[Crossref]

H. Kim, T. Kim, B. Kim, and Y. Chung, “Temperature-insensitive torsion sensor with enhanced sensitivity by use of a highly birefringent photonic crystal fiber,” IEEE Photonics Technol. Lett. 22(20), 1539–1541 (2010).
[Crossref]

P. Zu, C. Chan, Y. Jin, T. Gong, Y. Zhang, L. Chen, and X. Dong, “A temperature-insensitive twist sensor by using low-birefringence photonic-crystal-fiber-based Sagnac interferometer,” IEEE Photonics Technol. Lett. 23(13), 920–922 (2011).
[Crossref]

IEEE Sens. J. (1)

D. E. Ceballos-Herrera, I. Torres-Gomez, A. Martinez-Rios, L. Garcia, and J. J. Sanchez-Mondragon, “Torsion sensing characteristics of mechanically induced long-period holey fiber gratings,” IEEE Sens. J. 10(7), 1200–1205 (2010).
[Crossref]

IEEE Trans. Instrum. Meas. (1)

P. L. Fulmek, F. Wandling, W. Zdiarsky, G. Brasseur, and S. P. Cermak, “Capacitive sensor for relative angle measurement,” IEEE Trans. Instrum. Meas. 51(6), 1145–1149 (2002).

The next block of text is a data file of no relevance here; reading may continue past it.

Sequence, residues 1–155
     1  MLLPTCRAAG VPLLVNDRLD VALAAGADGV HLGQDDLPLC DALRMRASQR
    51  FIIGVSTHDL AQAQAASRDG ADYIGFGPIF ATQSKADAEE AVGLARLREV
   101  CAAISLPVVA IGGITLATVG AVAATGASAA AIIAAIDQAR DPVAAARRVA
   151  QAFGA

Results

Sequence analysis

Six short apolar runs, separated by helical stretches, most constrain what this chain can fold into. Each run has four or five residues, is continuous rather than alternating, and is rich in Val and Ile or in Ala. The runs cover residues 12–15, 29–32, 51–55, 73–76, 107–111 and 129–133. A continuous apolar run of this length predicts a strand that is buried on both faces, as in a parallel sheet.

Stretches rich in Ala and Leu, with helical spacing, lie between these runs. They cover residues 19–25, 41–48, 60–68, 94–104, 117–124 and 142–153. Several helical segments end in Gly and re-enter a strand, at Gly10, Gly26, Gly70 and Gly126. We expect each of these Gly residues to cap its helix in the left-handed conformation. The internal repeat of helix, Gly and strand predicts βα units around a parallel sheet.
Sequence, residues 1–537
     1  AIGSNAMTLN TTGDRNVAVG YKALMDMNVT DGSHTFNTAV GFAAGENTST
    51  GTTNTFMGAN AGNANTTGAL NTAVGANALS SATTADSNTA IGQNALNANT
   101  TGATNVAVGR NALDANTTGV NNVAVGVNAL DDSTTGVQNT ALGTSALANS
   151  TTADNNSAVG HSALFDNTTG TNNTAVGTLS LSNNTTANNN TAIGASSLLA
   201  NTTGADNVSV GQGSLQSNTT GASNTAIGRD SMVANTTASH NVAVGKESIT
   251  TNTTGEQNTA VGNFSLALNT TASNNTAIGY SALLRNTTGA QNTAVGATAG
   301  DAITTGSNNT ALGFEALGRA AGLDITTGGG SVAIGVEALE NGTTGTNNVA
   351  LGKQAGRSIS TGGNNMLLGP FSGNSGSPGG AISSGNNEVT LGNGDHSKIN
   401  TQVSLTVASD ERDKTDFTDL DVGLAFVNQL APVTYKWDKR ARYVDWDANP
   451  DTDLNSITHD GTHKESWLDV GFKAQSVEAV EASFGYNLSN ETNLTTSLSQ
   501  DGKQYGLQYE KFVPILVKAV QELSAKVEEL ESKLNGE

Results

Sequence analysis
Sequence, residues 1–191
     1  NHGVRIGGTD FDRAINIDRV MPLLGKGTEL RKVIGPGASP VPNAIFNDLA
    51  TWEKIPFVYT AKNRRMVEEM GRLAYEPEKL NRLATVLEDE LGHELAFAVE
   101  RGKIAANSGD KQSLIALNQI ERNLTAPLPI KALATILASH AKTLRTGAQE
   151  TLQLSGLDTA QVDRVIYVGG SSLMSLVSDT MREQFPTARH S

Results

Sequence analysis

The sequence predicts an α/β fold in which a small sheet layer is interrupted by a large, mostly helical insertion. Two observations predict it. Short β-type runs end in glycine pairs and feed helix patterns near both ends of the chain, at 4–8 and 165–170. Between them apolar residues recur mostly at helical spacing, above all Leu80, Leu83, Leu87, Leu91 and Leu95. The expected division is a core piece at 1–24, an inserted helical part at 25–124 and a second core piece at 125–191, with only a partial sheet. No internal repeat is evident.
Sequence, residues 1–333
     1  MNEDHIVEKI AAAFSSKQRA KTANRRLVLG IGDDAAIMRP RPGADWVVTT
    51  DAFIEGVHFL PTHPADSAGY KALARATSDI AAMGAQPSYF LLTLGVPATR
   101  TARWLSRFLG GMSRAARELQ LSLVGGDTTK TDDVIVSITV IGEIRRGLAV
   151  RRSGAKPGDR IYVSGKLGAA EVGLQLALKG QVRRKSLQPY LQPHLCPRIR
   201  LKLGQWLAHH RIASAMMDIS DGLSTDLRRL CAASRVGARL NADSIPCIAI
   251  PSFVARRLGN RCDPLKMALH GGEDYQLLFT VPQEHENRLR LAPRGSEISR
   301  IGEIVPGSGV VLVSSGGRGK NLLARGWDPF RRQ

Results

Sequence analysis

[Crossref]

IEEE Trans. Robot. Autom. (1)

D. Vischer and O. Khatib, “Design and development of high-performance torque controlled joints,” IEEE Trans. Robot. Autom. 11(4), 537–544 (1995).
[Crossref]

J. Lightwave Technol. (3)

Opt. Express (12)

Q. Zhou, W. Zhang, L. Chen, T. Yan, L. Zhang, L. Wang, and B. Wang, “Fiber torsion sensor based on a twist taper in polarization-maintaining fiber,” Opt. Express 23(18), 23877–23886 (2015).
[Crossref] [PubMed]

B. Huang, X. Shu, and Y. Du, “Intensity modulated torsion sensor based on optical fiber reflective Lyot filter,” Opt. Express 25(5), 5081–5090 (2017).
[Crossref] [PubMed]

K. Naeem, B. H. Kim, B. Kim, and Y. Chung, “Simultaneous multi-parameter measurement using Sagnac loop hybrid interferometer based on a highly birefringent photonic crystal fiber with two asymmetric cores,” Opt. Express 23(3), 3589–3601 (2015).
[Crossref] [PubMed]

B. Song, H. Zhang, Y. Miao, W. Lin, J. Wu, H. Liu, D. Yan, and B. Liu, “Highly sensitive twist sensor employing Sagnac interferometer based on PM-elliptical core fibers,” Opt. Express 23(12), 15372–15379 (2015).
[Crossref] [PubMed]

R. Gao, Y. Jiang, and L. Jiang, “Multi-phase-shifted helical long period fiber grating based temperature-insensitive optical twist sensor,” Opt. Express 22(13), 15697–15709 (2014).